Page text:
Hoodie arguments: Race, clothing, and Trayvon Martin
The story of Trayvon Martin , the 17-year-old who was shot and killed near Orlando, Florida last month while walking home from a convenience store, has taken the nation by storm. The shooter, 28-year-old George Zimmerman, claims that he shot Martin in self-defense, and for now, Florida’s laws  protect Zimmerman from being arrested.
Last week, a “Million Hoodies March”  took place in Manhatten as a demonstration to protest racial profiling. Many people wore hooded sweatshirts like the one Martin was wearing the night he was killed. (Similar actions have taken place across the country, with another big demonstration planned today  in Los Angeles.) However, last Friday, Geraldo Rivera followed up this powerful event by suggesting  on “Fox and Friends” that, though Zimmerman ultimately pulled the trigger, the hoodie that Martin wore contributed just as much to his death. Said Rivera:
“I am urging the parents of black and Latino youngsters particularly not to let their children go out wearing hoodies. I think the hoodie is as much responsible for Trayvon Martin‘s death as much as George Zimmerman was…You have to recognize that this whole stylizing yourself as a gangsta—you're going to be a gangsta wannabe, well people are going to perceive you as a menace. That's what happens. It is an instant, reflexive action…I'm not suggesting that Trayvon Martin had any kind of weapon or anything. He wore an outfit that allowed someone to respond in this irrational, overzealous way. And if he had been dressed more appropriately—I think unless it is raining out or you are at a track meet, leave the hoodie home."
Glossing over the insensitive victim blaming and the fact that it was actually raining the night Martin was killed, Rivera actually alludes to an element of reality here: that we still live with dangerous stereotypes that promote distrust and hatred between races.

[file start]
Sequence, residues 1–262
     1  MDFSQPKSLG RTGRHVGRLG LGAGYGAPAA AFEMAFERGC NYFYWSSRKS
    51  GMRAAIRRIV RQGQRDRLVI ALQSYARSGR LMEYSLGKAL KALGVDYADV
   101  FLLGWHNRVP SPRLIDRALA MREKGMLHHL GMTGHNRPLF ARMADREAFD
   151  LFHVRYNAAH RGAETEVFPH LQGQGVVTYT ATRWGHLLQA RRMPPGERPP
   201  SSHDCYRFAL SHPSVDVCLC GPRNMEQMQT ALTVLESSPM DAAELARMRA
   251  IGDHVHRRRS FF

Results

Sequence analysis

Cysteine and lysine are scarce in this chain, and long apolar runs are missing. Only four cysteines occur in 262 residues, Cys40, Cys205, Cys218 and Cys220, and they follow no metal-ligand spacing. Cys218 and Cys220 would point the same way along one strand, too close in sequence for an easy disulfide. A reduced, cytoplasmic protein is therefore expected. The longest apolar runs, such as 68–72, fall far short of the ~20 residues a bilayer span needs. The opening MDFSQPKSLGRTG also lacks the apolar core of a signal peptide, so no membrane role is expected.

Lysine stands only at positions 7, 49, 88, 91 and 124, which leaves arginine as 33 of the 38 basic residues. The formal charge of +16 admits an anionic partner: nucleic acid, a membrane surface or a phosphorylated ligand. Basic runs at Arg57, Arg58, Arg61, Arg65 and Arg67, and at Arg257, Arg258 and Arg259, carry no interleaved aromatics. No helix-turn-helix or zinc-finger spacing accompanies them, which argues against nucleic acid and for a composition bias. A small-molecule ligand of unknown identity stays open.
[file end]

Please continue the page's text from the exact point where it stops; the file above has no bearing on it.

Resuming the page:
Though many would like to think that racism no longer exists  in our country, the issue here isn’t that hooides themselves are inherently dangerous or that Martin was at fault for wearing one, but rather that simply by being a young black man wearing a hooded sweatshirt to shield himeself from the rain, Martin aroused suspicion from a neighbor that led to his tragic death. (Not many people would argue that this hipster  or this teen pop sensation  are at risk of being mistaken for gang members, despite the presence of hoodies.)
Marian Wright Edelmen, in her piece “Walking While Black,”  points out the major “crime” that Martin committed—happening to fit a stereotype of someone “up to no good," determined not just by clothing, but very much by race. She explains the burden that black parents have on teaching their children—specifically, their sons—how to act so that they don’t seem dangerous to others. She also points out that sadly, the Trayvon Martin case is not unique, and that black males age 15 to 19 were eight times as likely as white males to be victims of homicide in 2008 and 2009.
“We won’t get it,” Edelman says, “Until we have a culture that sees every child as a child of God and sacred, instead of seeing some as expendable statistics, and others as threats and ‘no good’ because of the color of their skin or because they chose to walk home wearing a hood in the rain.”